Penn State football transfer portal review: How Nittany Lions look heading into 2024

Penn State Spring Football Game
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The final transfer portal window of the 2024 offseason is now in the rearview mirror. While players who are still floating in the portal can still join a program, Penn State football's depth chart is practically set in stone ahead of this upcoming season.

In what is head coach James Franklin’s 11th season at the helm in Happy Valley, Penn State will aim to finally get over the hump and reach the College Football Playoff.

Here are some thoughts on how the Nittany Lions’ offseason roster moves will impact that goal.

Did the WR room improve or take a step back?

Penn State lost four wideouts to the portal this cycle — most notably KeAndre Lambert-Smith, who led the Nittany Lions in receptions (53) and receiving yards (673) this past season. Penn State also saw Cristian Driver and Dante Cephas pack their bags this past winter after transferring to Minnesota and Kansas State, respectively.

It can be argued that Lambert-Smith, who is now an Auburn Tiger, will be the only one somewhat missed, but even that's a stretch considering his limited production and inability to be a true difference maker as the “WR1” on offense.

Franklin and the Lions filled these vacancies by signing former five-star high school prospect Julian Fleming (Ohio State) in hopes that he can be the offense’s true top wideout and a legitimate mismatch on the perimeter down the stretch. The other top option is Harrison Wallace III, who flashed in the spring game and could be a reliable possession receiver, but the depth at the position is still concerning.

Where the Nittany Lions do have depth is at running back and tight end. Nick Singleton and Kaytron Allen combined for 40 receptions and 389 yards out of the backfield last season, while Tyler Warren and Khalil Dinkins are two toolsy pass-catching tight ends who can also make an impact downfield. 

How new offensive coordinator Andy Kotelnicki, who only used a three-wide receiver set on 40.7 percent of Kansas’ offensive snaps in 2023, will utilize these playmakers and distribute the ball through the air while being supplied with a rather unproven wide receiver corps is the question.

And sure, quarterback Drew Allar’s numbers were a bit underwhelming this past season, but he was not given a great supporting cast. Not a single player had over 1,000 receiving yards and Penn State’s receivers had a 10.8% drop rate, which was the fifth-worst in the Power Five in 2023.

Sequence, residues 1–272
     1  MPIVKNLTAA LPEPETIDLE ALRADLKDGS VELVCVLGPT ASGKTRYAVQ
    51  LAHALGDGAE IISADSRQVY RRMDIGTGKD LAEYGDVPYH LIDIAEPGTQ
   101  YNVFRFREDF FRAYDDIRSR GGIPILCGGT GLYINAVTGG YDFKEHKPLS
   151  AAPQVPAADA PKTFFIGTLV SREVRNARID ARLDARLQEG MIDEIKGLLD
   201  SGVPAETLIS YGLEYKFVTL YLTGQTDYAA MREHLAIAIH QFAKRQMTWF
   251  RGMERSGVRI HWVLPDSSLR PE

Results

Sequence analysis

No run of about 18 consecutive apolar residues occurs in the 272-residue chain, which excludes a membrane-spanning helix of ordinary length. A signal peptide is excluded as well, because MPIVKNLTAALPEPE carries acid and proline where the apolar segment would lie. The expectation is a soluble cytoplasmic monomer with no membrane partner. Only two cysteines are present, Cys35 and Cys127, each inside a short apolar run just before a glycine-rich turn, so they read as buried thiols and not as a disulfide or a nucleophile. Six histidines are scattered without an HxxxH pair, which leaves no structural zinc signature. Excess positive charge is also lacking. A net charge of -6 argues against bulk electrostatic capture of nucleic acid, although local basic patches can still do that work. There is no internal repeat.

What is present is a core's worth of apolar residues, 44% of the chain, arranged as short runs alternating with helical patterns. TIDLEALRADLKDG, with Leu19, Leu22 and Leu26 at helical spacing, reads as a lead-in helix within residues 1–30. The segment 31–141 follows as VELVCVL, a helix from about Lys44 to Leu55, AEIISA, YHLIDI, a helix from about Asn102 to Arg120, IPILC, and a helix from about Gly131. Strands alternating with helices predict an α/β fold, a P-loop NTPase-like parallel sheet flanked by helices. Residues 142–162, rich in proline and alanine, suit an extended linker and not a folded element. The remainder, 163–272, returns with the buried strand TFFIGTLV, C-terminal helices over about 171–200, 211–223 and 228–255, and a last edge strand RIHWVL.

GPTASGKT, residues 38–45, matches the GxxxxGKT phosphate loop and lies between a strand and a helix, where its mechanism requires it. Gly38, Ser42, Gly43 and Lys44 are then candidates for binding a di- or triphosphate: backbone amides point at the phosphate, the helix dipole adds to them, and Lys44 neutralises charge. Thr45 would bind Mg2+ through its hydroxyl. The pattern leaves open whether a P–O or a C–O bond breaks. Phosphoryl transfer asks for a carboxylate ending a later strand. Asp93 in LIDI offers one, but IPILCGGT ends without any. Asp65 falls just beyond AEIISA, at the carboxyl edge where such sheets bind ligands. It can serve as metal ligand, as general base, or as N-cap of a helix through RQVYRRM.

Something needs to change. 

If Kotelnicki is the answer for this Nittany Lion offense, he could elevate this offense to new heights that gives Penn State fans flashes of the Saquon Barkley-Trace McSorley era. Who will step up in the passing game is the hot topic. All in all, I’d say that the wide receiver room remained the same from a talent standpoint, but Fleming’s possible emergence could trump that statement.

New-look secondary

The Penn State defense was nothing short of elite in 2023. While the unit ranked second in total defense, the secondary finished 11th in the FBS in passing yards per game allowed (181.6). The only problem this year is that the Nittany Lions lost key defensive backs Kalen King, Johnny Dixon, and Daequan Hardy. 

Franklin and Co. addressed these departures by signing two notable SEC cornerbacks in the winter portal — former five-star A.J. Harris (Georgia) and Jalen Kimber (Florida). They join a young secondary that will include cornerback Cam Miller and safeties Kevin Winston Jr. and Zakee Wheatley. 

Penn State recently took a tough blow when safety King Mack, the highest-rated defensive player in the team’s 2023 recruiting class, entered the transfer portal this past week. Despite primarily being a special teams player this past season, Mack was projected to fill in as a plug-and-play nickelback in 2023 alongside Jaylen Reed and/or be a key part of the defensive backfield rotation. It’s a big loss for new defensive coordinator Tom Allen’s secondary which now needs other unproven safeties to step up.

General consensus 

There’s no question that Penn State lost a chunk of production to the NFL draft and transfer portal, but what the program did do is attempt to plug the biggest holes in their depth chart at wide receiver and in the secondary. The depth at those two position groups is still cloudy, yet the additions of Kotelnicki and Allen to command both sides of the ball leaves a trail of optimism that points toward Penn State potentially taking a step forward in 2024.

While Franklin has endured success and turned Penn State into a top-notch program once again (four 11-win seasons since 2016), he has yet to sniff a national championship. The Nittany Lions are 21-5 the past two seasons but only 1-4 against top-10 teams over that span.

In the same vein, the program has had a serious Ohio State and Michigan problem — going 4-16 against the two Big Ten rivals since Franklin took over in 2014. This could be a make-or-break year for the head coach, especially if Penn State fails to make the now 12-team College Football Playoff.

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